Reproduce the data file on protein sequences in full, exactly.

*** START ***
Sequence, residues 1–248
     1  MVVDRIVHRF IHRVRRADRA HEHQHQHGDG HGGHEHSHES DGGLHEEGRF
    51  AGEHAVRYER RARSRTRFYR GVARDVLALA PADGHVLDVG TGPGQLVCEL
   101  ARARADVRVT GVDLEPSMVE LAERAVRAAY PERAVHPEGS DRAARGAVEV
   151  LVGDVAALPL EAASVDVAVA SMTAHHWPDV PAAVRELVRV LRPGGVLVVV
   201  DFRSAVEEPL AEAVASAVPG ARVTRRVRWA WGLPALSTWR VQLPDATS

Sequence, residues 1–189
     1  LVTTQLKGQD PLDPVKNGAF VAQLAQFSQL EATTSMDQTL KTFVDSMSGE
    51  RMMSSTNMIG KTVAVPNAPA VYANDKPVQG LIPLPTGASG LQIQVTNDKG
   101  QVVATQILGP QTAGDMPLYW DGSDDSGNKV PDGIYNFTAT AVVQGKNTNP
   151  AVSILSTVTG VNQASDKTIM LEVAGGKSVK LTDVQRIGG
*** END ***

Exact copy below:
Sequence, residues 1–248
     1  MVVDRIVHRF IHRVRRADRA HEHQHQHGDG HGGHEHSHES DGGLHEEGRF
    51  AGEHAVRYER RARSRTRFYR GVARDVLALA PADGHVLDVG TGPGQLVCEL
   101  ARARADVRVT GVDLEPSMVE LAERAVRAAY PERAVHPEGS DRAARGAVEV
   151  LVGDVAALPL EAASVDVAVA SMTAHHWPDV PAAVRELVRV LRPGGVLVVV
   201  DFRSAVEEPL AEAVASAVPG ARVTRRVRWA WGLPALSTWR VQLPDATS

Sequence, residues 1–189
     1  LVTTQLKGQD PLDPVKNGAF VAQLAQFSQL EATTSMDQTL KTFVDSMSGE
    51  RMMSSTNMIG KTVAVPNAPA VYANDKPVQG LIPLPTGASG LQIQVTNDKG
   101  QVVATQILGP QTAGDMPLYW DGSDDSGNKV PDGIYNFTAT AVVQGKNTNP
   151  AVSILSTVTG VNQASDKTIM LEVAGGKSVK LTDVQRIGG